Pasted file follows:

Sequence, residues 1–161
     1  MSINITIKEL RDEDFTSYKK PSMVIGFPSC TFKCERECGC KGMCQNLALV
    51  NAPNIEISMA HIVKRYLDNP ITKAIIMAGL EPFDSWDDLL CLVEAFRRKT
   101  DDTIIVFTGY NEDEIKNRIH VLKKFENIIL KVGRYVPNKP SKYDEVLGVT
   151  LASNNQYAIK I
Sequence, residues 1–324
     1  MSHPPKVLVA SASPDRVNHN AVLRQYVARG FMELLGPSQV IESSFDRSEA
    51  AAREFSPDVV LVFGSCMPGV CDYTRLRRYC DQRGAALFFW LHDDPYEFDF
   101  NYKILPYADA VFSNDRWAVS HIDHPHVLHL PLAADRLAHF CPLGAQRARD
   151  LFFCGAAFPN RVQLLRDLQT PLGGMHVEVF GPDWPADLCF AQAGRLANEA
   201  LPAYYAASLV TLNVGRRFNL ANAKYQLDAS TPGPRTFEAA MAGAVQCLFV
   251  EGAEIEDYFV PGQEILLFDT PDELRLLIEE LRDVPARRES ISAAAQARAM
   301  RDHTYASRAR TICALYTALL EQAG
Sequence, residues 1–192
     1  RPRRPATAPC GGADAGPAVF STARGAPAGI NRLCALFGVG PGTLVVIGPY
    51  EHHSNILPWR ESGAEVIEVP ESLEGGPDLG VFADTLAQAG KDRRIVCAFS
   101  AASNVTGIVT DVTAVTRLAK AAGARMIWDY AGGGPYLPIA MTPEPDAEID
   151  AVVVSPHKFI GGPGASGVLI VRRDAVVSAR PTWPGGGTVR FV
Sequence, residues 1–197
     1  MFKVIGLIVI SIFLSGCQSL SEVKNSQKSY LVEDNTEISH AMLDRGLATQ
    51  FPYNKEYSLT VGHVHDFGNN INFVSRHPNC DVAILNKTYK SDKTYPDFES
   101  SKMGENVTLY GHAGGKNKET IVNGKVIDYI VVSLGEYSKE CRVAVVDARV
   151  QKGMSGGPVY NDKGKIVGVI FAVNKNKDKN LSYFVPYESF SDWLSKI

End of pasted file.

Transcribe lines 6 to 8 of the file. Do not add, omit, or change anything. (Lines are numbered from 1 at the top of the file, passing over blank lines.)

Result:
Sequence, residues 1–324
     1  MSHPPKVLVA SASPDRVNHN AVLRQYVARG FMELLGPSQV IESSFDRSEA
    51  AAREFSPDVV LVFGSCMPGV CDYTRLRRYC DQRGAALFFW LHDDPYEFDF